Radical Preaching

Can preaching again have something to say?
This blog marks the attempt to bring the theological vision of Radical Orthodoxy into the worship and preaching of the local church.

Saturday, October 29, 2005

Radical Orthodoxy and OT Theology

Fellow bloggers,
I am currently in my just second OT class in Trevecca's masters program so I am really wading throught some OT issues. In short, I am attempting to grasp what a Radical Orthodoxy reading of the OT is. Admittedly, I am beginning my struggle through RO and in light of reading von Rad, Eichrodt, and others in OT theology, I am wondering what, outside of the emphasis upon creation ex-nihilo, RO has to say about OT theology on a larger scale. Of course, I am not asking for an RO view of OT theology, but rather how does it dialogue with the lack of the body/soul dichotomy in that appears later? Is there any connection between the Hebrew mindset (if there is one to be known) in the OT and what RO is attempting to do? I am sure this could have been worded a little clearer, but I know their is some continuity between current OT theologizing and RO. Any thoughts?

Peace,

Nathan

5 Comments:

Blogger Scott said...

In The Word Made Strange, there is an article, "Christological Poetics," where Milbank discusses the Old Testament in a good bit of detail (See pp. 130-134).

You might also draw upon Augustine's look at Old Testament theophanies. In Augustine and Modernity, Michael Hanby deals with Augustine's reading of these theophanies in De Trinitate (See pp. 30-32).

I will try to check some other books. Are there any specific questions that you are looking at?

Grace and Peace,
Scott

October 30, 2005 6:12 PM  
Blogger Scott said...

In Conor Cunningham's Genealogy of Nihilism, there is a logic at work there that I think is very close to Old Testament accounts of nihilism. His logic is that nihilism sunders the something (relationship with YHWH), making it nothing, and then rendering that nothing as something (the creation of gods to help them go forward into the Wilderness). This might be an interesting angle to pursue for an RO connection to OT theology.

November 01, 2005 6:24 AM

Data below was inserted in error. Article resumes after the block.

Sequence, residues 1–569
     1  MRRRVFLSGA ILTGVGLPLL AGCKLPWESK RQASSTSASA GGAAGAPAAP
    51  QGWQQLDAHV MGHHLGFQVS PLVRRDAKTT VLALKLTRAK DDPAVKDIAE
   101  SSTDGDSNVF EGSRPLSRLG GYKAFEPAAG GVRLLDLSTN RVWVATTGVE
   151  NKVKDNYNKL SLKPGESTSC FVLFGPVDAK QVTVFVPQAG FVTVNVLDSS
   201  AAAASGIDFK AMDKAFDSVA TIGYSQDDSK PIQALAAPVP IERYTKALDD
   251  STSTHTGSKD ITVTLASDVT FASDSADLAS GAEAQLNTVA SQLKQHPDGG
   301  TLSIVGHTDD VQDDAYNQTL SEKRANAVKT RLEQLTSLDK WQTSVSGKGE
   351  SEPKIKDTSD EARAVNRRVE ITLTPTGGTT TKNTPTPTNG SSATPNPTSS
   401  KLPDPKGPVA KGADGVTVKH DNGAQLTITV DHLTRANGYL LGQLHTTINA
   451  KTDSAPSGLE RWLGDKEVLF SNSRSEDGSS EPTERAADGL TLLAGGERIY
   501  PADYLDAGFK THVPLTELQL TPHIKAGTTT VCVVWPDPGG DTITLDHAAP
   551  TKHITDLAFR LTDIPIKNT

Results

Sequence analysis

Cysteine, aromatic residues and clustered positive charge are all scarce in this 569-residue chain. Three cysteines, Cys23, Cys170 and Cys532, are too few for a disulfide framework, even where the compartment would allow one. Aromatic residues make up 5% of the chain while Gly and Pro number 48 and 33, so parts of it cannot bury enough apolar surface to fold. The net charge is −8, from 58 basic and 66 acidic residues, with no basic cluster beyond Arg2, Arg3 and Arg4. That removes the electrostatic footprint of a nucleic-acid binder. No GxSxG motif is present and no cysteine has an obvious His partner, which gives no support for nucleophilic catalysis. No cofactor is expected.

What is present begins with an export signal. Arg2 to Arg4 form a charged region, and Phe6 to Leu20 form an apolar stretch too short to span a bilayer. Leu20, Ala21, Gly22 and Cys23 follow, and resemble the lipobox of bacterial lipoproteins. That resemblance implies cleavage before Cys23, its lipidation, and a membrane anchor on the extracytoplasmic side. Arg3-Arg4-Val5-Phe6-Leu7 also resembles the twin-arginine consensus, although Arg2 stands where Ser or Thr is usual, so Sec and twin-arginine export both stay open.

Blogger nlcarden said...

Scott,
Thanks for the resources. Specifically, I was noticing in the my OT reading that many of the authors are speaking from an Enlightenment drenched perspective. I am now attempting to appropriate an OT theology based upon all my reading as one of our papers calls us to do, and I don't want to fall into the liberalism in which some of the authors are entrenched. It is difficult given the antiquated texts and the struggle to understand perspective without being to Hist/crit in your approach. I just want to formulate an OT theology in light of the communal witness of Israel w/o becoming too developmental or sociological in my analysis. I was hoping that some RO perspective could help keep me in the balance.
I am going to check out "Christological Poetics" and the others. I am not articulating like I need to about this matter; my head is still spinning in attempting to paint an overall picture of God based upon OT scripture. Thanks for the help -
Nathan

November 01, 2005 7:02 AM  
Blogger Joel said...

Milbank has an article called "The History of the One God" that might be relevant.

You might also look at Milbank's "Can a Gift be Given? Prolegomena to a Future Trinitarian Metaphysics." In this he looks a bit at OT concepts of covenant and contract.

November 08, 2005 4:27 AM  
Blogger nlcarden said...

Brevard Childs is doing some good work in OT studies that might dialogue nicely with RO. He argues for a canonical reading of the OT text in light of the Patristic mindset. Francis Watson is likeminded from the U of London. In his book "Text and Truth", he argues against autonomous, rationalistic OT exegesis. He is a little removed from RO, but their are common threads of thought.
Thanks for the help!

November 11, 2005 5:04 PM  

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